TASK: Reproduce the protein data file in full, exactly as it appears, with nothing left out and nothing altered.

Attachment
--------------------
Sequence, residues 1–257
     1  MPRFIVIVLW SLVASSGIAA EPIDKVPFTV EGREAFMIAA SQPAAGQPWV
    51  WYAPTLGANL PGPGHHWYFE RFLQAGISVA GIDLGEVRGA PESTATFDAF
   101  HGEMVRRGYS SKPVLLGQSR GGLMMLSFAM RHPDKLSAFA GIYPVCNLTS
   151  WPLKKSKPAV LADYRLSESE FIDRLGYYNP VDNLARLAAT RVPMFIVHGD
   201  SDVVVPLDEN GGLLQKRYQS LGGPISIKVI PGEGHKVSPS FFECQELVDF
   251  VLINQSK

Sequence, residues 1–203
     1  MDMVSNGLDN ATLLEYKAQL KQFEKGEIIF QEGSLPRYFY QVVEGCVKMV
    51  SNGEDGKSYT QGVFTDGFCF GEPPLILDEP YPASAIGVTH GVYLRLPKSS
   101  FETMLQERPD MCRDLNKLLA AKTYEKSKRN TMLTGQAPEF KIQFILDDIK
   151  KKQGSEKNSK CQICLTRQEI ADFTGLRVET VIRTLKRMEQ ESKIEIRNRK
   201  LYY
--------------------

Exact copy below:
Sequence, residues 1–257
     1  MPRFIVIVLW SLVASSGIAA EPIDKVPFTV EGREAFMIAA SQPAAGQPWV
    51  WYAPTLGANL PGPGHHWYFE RFLQAGISVA GIDLGEVRGA PESTATFDAF
   101  HGEMVRRGYS SKPVLLGQSR GGLMMLSFAM RHPDKLSAFA GIYPVCNLTS
   151  WPLKKSKPAV LADYRLSESE FIDRLGYYNP VDNLARLAAT RVPMFIVHGD
   201  SDVVVPLDEN GGLLQKRYQS LGGPISIKVI PGEGHKVSPS FFECQELVDF
   251  VLINQSK

Sequence, residues 1–203
     1  MDMVSNGLDN ATLLEYKAQL KQFEKGEIIF QEGSLPRYFY QVVEGCVKMV
    51  SNGEDGKSYT QGVFTDGFCF GEPPLILDEP YPASAIGVTH GVYLRLPKSS
   101  FETMLQERPD MCRDLNKLLA AKTYEKSKRN TMLTGQAPEF KIQFILDDIK
   151  KKQGSEKNSK CQICLTRQEI ADFTGLRVET VIRTLKRMEQ ESKIEIRNRK
   201  LYY